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United Kingdom

Things To Do As An Expat In London This Summer

  Posted Friday July 21, 2017 (16:13:34)
(c) richardofengland on Flickr
(c) richardofengland on Flickr

London is an appealing destination for many reasons. It has an iconic skyline, as well as a view that never fails to disappoint with the Houses of Parliament, the London Eye, the Shard and other famous buildings. It is a multicultural hub in which more than 300 different languages are spoken. It is, in fact, one of the most culturally diverse cities in the world.

It is an expensive city, but the good news is that wages are also higher in London. In London, you can find a neighborhood that matches your distinct style and taste, no matter if you consider yourself a hipster, a fashionista, a homemaker or a corporate dynamo.

London has a diverse music scene and is also a great gastronomical destination. There are several choices for food and tons of markets in different parts of the city. There’s always something to do in London, regardless of the time of year. But since summer is upon us, here is a list of things you can do as an expat in London this summer.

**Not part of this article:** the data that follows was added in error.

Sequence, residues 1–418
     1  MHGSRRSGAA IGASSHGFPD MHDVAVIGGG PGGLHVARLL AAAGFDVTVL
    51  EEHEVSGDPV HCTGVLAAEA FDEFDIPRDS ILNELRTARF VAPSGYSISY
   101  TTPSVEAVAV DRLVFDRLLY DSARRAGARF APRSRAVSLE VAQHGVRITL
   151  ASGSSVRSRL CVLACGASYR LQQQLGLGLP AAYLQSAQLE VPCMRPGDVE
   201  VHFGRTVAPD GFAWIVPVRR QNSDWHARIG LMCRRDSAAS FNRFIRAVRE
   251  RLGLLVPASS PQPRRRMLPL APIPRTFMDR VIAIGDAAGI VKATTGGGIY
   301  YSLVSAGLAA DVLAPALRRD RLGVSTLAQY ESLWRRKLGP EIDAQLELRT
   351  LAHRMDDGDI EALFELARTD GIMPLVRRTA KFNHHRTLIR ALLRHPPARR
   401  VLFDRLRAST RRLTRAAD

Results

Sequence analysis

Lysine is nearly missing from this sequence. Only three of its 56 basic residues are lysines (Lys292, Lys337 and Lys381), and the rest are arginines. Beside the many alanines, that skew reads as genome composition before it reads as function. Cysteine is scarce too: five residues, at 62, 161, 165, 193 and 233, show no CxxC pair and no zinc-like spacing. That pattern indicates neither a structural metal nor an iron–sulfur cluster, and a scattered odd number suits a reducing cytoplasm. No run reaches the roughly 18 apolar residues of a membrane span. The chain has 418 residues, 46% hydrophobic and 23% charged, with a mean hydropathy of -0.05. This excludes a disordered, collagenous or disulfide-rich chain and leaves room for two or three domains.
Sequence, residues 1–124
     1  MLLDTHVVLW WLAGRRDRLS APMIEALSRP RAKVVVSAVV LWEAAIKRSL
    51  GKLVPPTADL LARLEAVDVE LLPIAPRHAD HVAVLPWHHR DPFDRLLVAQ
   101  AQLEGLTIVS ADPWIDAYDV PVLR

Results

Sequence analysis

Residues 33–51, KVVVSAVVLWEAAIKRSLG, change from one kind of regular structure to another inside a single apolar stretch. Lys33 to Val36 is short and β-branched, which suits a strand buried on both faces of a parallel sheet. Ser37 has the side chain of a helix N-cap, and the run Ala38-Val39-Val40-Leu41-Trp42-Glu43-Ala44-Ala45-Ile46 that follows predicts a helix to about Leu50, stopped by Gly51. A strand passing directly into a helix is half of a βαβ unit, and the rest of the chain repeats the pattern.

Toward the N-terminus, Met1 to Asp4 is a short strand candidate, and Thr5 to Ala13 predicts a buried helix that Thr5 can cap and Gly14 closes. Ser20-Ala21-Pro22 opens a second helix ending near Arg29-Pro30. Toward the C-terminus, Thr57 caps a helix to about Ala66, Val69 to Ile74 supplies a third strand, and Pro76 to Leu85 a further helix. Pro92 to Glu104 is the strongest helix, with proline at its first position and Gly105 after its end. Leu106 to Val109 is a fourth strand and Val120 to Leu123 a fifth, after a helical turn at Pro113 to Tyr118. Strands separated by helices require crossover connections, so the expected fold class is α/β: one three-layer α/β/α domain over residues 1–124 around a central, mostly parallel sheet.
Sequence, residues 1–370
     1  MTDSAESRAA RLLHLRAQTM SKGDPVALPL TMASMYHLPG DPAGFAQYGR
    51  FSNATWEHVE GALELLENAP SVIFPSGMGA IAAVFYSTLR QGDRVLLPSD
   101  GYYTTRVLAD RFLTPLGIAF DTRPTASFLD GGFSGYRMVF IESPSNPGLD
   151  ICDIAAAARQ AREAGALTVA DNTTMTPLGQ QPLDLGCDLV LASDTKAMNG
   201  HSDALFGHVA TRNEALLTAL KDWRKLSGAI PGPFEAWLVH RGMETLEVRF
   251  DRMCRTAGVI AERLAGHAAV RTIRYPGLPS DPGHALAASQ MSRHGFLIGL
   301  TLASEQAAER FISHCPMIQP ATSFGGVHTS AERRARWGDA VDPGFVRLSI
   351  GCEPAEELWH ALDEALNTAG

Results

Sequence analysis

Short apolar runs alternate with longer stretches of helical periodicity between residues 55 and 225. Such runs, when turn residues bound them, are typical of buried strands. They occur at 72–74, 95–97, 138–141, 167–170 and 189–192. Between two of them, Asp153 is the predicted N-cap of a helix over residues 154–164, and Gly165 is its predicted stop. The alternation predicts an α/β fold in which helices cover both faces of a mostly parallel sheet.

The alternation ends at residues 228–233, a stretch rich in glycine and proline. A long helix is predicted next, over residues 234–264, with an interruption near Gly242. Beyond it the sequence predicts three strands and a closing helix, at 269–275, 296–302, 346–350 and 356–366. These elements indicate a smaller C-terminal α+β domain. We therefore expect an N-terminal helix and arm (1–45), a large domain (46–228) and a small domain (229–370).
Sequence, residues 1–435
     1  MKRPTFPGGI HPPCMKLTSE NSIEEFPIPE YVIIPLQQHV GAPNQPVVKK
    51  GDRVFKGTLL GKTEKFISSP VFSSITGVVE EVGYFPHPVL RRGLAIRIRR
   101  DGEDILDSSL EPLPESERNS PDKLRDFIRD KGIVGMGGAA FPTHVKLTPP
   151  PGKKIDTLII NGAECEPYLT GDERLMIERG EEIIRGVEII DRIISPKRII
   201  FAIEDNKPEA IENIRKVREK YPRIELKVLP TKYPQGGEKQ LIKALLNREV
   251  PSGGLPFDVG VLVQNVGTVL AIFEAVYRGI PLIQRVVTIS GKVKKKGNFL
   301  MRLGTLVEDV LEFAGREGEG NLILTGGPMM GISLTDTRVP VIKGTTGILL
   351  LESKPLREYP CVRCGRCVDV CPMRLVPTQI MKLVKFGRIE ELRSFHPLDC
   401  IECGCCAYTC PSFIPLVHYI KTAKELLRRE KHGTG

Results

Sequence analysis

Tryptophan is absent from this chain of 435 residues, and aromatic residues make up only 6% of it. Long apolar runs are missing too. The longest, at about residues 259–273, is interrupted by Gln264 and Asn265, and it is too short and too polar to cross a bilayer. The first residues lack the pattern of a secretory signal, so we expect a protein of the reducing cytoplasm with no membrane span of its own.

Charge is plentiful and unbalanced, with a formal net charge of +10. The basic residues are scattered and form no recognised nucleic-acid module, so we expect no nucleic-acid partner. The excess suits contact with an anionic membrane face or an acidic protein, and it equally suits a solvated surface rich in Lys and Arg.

Be part of Europe’s largest street festival



(c) David Sedlecký on Wikipedia


The Notting Hill Carnival is Europe’s biggest street festival and hosts a fantastic display, showcasing the city’s multicultural atmosphere. It takes place on the bank holiday that occurs at the end of August and spans the whole of W10 in West London. Celebrations take place in Notting Hill, Westbourne Park and Ladbroke Grove.

The most convenient way to get there is to take the tube and join the crowds heading down the parade route. The floats and bands kick off in the mornings on Sunday and Monday. The Notting Hill Carnival celebrates the city’s Caribbean communities, their traditions and vibrant culture. It dates all the way back to 1964 and it is a fun-filled two days of live music and uniquely Caribbean features like reggae music, soca floats, steel bands and delicious foods such as fried plantain and jerk chicken.

The festival usually begins on Saturday evening with Panorama, which showcases music and outdoor entertainment for the whole family. Sunday morning is the traditional Caribbean carnival opening. Family Day or Sunday Parade follows this, where young performers traipse down the streets in elaborate costumes. It all ends with the Grand Finale, where the streets are chock-a-block with steel bands, dancers and performers.


Celebrate all things Japan



(c) cosplaytango on Flickr


Hyper Japan is a unique celebration of Japanese culture, food, fashion, art, anime and many other Japanese aspects that are adored the world over. It is a one-stop experience for everything to do with Japan in summer. It is a great outing for family and friends, especially if you share a passion for Japanese culture.